Our Community Advisory & Action Team: Who They Are and What They Do

Building Our Community, Together

At the start of the year, we kicked off our inaugural Community Advisory and Action Team of seventeen Mindful Teacher Grads. This group of volunteers has committed to spending a year coming together on a bi-monthly basis using a Community of Practice framework to identify the needs of the Mindful Schools community and what we could do to support their development. The project is facilitated by Christina Costelo, Head of Community Engagement, who has been working with the Mindful Schools community since 2011 and is excited about starting this new chapter in collaboration with other community members.

One of our initial goals has been to develop a community charter. Mindful Schools has taken pause to reimagine how to better support our community in their journey of practicing and teaching mindfulness. This community charter endeavors to state who the Mindful Schools community is, what they value, and how they benefit from by being a member of this community. To be able to develop this community charter, our collective group began asking:  What do we value? What aspirations to do we have for ourselves and our community? What are the current gaps in resources and support elements to get us there? What kind of activities would be supportive to our personal and professional growth as mindfulness educators?

The members of the Community Advisory and Action Team then went into smaller groups to work on specific projects to develop elements of the community.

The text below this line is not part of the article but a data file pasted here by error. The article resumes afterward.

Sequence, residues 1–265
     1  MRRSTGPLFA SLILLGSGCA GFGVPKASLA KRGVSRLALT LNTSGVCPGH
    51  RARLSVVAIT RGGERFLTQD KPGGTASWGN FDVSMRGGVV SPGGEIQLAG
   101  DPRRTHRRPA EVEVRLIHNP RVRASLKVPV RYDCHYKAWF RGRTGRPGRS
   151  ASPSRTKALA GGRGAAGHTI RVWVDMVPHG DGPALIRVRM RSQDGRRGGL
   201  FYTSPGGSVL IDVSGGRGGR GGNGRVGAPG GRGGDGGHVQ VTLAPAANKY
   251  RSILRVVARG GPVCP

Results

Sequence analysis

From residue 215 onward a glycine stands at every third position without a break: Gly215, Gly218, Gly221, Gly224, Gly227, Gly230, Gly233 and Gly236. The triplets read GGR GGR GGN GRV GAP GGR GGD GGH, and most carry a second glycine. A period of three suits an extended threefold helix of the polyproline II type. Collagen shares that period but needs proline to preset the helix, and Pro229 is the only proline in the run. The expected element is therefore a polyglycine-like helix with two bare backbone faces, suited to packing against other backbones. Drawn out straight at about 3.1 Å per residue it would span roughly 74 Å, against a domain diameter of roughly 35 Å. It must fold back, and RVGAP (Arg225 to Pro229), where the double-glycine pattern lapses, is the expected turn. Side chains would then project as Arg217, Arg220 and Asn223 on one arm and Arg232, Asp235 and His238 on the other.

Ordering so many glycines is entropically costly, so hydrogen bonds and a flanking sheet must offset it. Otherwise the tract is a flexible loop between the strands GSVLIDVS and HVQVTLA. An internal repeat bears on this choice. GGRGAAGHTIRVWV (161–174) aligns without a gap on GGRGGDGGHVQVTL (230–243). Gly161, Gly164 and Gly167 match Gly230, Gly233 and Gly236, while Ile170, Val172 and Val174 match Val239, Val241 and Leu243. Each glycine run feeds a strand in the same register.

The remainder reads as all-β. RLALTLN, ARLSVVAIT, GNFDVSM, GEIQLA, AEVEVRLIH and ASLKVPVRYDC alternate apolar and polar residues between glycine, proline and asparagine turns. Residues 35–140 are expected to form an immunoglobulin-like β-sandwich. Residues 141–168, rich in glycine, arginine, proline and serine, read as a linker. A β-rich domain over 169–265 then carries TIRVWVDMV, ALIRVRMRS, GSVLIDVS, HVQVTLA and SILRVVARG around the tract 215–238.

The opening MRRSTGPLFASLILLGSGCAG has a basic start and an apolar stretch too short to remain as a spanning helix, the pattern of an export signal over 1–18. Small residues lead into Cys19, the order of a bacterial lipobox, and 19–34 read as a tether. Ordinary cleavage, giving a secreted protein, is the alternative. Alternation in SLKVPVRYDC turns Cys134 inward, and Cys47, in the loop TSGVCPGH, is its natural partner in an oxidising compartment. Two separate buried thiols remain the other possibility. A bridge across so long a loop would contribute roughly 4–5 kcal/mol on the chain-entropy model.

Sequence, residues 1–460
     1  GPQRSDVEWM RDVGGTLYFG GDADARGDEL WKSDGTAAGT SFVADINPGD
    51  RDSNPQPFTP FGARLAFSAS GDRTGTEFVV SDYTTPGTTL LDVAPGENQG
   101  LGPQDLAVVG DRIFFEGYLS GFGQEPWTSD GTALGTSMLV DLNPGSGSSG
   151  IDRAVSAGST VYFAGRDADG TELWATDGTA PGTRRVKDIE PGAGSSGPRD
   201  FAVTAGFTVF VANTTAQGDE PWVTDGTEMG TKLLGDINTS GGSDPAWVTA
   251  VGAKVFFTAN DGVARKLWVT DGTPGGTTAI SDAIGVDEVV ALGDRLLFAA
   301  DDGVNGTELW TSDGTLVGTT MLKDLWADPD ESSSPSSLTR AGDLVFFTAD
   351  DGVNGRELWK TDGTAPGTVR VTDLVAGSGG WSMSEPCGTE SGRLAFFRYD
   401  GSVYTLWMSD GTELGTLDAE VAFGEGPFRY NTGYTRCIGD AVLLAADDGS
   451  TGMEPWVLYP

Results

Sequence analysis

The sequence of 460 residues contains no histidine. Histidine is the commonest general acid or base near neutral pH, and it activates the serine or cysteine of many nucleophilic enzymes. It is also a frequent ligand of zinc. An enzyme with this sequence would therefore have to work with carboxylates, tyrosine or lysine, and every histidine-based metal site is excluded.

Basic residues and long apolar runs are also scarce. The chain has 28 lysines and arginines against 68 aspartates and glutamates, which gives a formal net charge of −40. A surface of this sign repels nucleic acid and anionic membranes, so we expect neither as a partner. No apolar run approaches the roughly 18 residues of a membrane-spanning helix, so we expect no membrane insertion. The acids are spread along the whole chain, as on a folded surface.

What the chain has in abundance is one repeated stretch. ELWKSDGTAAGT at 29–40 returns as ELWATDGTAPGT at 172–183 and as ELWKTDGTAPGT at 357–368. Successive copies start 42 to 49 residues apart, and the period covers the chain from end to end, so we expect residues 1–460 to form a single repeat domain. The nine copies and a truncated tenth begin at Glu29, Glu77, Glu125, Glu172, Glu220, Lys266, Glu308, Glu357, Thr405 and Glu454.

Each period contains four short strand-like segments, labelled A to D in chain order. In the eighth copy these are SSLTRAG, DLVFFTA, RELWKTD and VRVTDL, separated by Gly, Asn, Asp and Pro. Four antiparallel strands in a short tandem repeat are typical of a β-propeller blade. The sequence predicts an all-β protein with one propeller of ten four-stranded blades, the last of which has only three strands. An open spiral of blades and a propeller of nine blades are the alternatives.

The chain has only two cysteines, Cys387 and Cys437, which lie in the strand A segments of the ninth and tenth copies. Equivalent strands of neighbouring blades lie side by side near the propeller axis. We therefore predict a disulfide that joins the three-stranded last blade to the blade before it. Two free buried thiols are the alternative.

Collective  Curriculum

One group began to audit the content in our “Collective Curriculum” – 4 years and hundreds of pages of submissions of lesson extensions and creative activities from our Class of 2014 – 2017 Certification Program grads. We hope to help build out a library of additional activities and resources that align with the Mindful Schools curriculum. We will also be auditing the Resource Center (where we have additional lessons and program support elements), to identify how to refresh our old content, expand the offerings in the Resource Center, and identify areas for needed development.

Reflecting on why she chose to join this project, Gita Nilforoush shared, “auditing the content Mindful Schools has in its vaults is very important for our community. We want to have a creative and usable Resource Center. For instance, I like being able to find new lesson ideas like different games to add to our teaching session to make it more tangible and practical for students, especially for younger kids.” Alexandra Rossi adds, “it’s a great way to stay in touch with new ideas, and a great service for teachers.”

Do you have any feedback or work you’d be willing to share that you’ve already done on this topic?

Curriculum Mapping

Another project the CAATs are taking on is mapping Common Core and CASEL standards to the Mindful Schools lessons. Fellow CAAT, Melanie Anderson, 3rd Grade Teacher in New York shared, “the educational standards project is important to our community because there is a need to help teachers streamline the process of implementing the Mindful Schools curriculum into their day in a meaningful and effective way. With many teachers already being pulled in a multitude of directions, connecting the standards to our mindfulness curriculum will help teachers maximize their use of time in a most efficient and productive manner, thus enhancing students’ exposure to mindfulness while keeping the standards at the forefront.” We hope our community finds this resource to be of use!

Do you have any feedback or work you’d be willing to share that you’ve already done on this topic?

The CAATs are helping to usher the Mindful Schools Community into a new era with more support for practice and teaching, access to relevant resources, and most importantly, access to each other.

We have several other projects we are working on in service of our community, so stay tuned for more updates!